All students at Wilmington Grammar School for Girls have equal access to the broad curriculum.
This enables them to progress in line with their academic targets. The Student Support Team is based at the Lodge and they address the varying needs/learning differences of students. These range from MLD, Dyslexia, Dyscalculia to condition and disorder related difficulties such as ASD, ADD, anxiety, visual & hearing impairments; physical disabilities and medical conditions such as epilepsy and eating disorders.
The Student Support Team includes our SENDCO (Mrs O'Neil), three Pastoral Support Mangers, Mrs Pike, Mrs Fiander and Mrs Pritchard (SEN) and our Student Manager for WG6, Mrs Regan.
Some students require additional support in terms of organisation, presentation of homework, or with certain subjects. Once such students have been identified, they can be referred to the mentoring programme or to the Learning Mentors by either a Head of Department or Head of Year.
Learning mentors provide in-class support for identified students and appropriate interventions to meet the needs of students academically, socially and emotionally.
Peer Mentoring takes place during registration times or at lunch times. Pupils receive one-to-one support from a trained peer mentor within the Sixth Form and Year 10 teams. Where appropriate, this support may be delivered in a group setting. Parents/guardians are informed of the referrals to mentoring, and their support is important to ensure the students meet the targets set. The scheme is co-ordinated by Student Support.
The aims of the mentoring programme are to:
- establish and promote good organisational skills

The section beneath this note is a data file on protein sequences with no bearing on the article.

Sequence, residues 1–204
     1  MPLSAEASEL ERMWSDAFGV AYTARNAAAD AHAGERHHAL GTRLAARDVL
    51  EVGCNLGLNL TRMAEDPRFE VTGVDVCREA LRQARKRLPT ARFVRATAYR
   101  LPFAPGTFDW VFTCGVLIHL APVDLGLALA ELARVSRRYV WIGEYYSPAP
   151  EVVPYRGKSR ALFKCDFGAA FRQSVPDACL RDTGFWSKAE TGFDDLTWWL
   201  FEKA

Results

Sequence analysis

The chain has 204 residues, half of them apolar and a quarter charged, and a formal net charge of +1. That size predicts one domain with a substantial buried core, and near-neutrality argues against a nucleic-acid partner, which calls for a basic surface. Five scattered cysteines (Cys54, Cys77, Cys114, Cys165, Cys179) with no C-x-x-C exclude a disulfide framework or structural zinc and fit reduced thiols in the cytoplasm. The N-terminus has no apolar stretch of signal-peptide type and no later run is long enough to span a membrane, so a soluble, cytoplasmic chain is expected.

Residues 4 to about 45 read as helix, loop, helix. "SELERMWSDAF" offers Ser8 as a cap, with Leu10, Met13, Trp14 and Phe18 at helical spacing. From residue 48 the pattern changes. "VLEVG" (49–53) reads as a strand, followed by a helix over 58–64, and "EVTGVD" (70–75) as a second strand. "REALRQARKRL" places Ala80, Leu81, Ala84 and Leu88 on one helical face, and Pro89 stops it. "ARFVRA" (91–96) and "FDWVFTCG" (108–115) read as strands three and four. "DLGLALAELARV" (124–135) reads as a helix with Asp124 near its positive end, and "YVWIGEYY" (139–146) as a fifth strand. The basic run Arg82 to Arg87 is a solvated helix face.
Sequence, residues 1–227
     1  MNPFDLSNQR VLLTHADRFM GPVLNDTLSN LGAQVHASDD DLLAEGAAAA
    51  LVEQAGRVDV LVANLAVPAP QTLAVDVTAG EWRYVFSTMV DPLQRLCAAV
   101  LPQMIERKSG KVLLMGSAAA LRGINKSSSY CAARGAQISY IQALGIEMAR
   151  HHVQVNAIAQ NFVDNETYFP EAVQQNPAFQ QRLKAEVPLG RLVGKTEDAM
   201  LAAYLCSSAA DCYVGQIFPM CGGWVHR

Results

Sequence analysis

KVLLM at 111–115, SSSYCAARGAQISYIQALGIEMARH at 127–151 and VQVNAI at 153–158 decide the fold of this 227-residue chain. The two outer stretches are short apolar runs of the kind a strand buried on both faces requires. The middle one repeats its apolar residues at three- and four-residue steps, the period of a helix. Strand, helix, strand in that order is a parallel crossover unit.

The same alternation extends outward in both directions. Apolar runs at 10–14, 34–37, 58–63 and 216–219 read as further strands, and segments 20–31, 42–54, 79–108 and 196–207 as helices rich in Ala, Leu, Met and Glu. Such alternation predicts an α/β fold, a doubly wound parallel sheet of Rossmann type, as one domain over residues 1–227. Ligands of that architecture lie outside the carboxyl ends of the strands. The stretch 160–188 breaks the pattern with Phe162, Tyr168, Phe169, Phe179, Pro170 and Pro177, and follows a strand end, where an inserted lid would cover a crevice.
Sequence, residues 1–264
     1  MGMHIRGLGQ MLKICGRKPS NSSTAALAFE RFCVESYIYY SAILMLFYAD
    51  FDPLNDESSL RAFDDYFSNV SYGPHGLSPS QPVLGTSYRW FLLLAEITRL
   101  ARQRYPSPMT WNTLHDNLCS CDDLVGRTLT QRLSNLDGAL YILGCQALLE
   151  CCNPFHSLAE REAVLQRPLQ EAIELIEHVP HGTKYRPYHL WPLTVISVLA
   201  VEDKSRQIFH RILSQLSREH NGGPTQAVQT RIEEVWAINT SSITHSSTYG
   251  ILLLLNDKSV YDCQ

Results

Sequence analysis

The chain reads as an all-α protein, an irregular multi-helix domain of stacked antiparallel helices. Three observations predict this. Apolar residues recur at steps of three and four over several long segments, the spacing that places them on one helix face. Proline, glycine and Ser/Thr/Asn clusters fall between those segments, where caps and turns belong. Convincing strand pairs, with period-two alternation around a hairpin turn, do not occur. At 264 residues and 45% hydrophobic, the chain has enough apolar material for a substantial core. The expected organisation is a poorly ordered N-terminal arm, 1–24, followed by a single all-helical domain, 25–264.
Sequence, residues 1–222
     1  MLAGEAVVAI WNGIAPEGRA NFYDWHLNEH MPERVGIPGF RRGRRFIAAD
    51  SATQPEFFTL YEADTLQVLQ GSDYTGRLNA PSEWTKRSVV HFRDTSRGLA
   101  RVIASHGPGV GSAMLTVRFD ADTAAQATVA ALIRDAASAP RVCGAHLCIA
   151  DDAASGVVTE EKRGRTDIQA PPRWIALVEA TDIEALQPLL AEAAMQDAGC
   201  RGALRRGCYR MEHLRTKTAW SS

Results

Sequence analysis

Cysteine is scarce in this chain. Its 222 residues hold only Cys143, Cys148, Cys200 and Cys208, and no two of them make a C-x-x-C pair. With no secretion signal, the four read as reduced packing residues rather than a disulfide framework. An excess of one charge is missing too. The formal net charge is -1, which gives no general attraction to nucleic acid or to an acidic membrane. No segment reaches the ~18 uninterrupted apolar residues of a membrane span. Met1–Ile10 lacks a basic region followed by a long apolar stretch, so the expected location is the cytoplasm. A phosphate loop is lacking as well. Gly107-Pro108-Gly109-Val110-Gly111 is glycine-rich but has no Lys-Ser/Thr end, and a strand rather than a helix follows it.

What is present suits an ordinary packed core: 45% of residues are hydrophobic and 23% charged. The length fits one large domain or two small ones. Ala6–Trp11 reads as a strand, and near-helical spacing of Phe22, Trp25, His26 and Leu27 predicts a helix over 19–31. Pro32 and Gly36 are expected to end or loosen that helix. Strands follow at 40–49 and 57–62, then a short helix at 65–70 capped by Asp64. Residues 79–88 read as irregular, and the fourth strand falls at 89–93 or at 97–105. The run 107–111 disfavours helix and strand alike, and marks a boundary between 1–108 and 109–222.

- support those who are underachieving in academic subjects
- promote self esteem
- develop personal and interpersonal skills
- create positive relationships between junior and senior students
- encourage and enable students across the school to take increased responsibility in a leadership role.
The library and computer rooms are also available after school to facilitate those students who choose to remain in school to complete homework or study.
Prefects (Year 11) and Student Leaders (Year 13) make a valuable contribution to the school as role models, promoting a sense of responsibility and commitment to the school. They mix with junior students as they carry out their duties at form times, break and lunch times and can be approached by a student who has concerns. Some students will be assigned mentors to help them with their academic work. Form groups are assigned prefects who are selected to assist the Form Tutor and support the younger students. They play a very important role as often younger students will feel more comfortable first raising an issue or concern with their form prefect. Prefects also support subject areas, do lunchtime canteen duties, assist with events/ refreshments, support Duke of Edinburgh Award and the Library.
The primary aim of a Prefect System is to contribute towards ‘the Pursuit of Excellence’ by providing an opportunity to develop students’ leadership skills and encourage the qualities of respect and loyalty within the school environment. The team consists of the sixth form leadership team, the year 11 senior prefect team together with year 10 deputy prefects and Year 9 assistant prefects.
Students will be able to:
- Demonstrate the quality of commitment by upholding a post of responsibility within the School.
- Demonstrate leadership skills through the organisation of activities within the School.
- Demonstrate social values throughout the School.
- Support school staff in the promotion of excellence within the School.
- Enjoy the privileges afforded from positions of responsibility.
- Act as role models for other students in the School.
Prefects should be:
- Led by the Senior Prefect Team.
- Trained in leadership skills.
- Appointed through a recruitment process to include a letter of application, short- listing, presentation and election from staff and peers.
- Made accountable for their roles with the use of job descriptions, regular meetings, agendas, minutes, targets, duties and feedback to the Head Teacher etc.
- Proud of their prestigious role within the school
- Provided with a badge highlighting their role.
At WGSG relationships amongst students are very good and the school responds quickly to any allegations of bullying. Our Anti-Bullying Code demonstrates our commitment to promoting positive relationships in the school and our pledge to deal with any incidents that may arise. Our Anti-Bullying Policy can be read on our Key Information, Policies page here.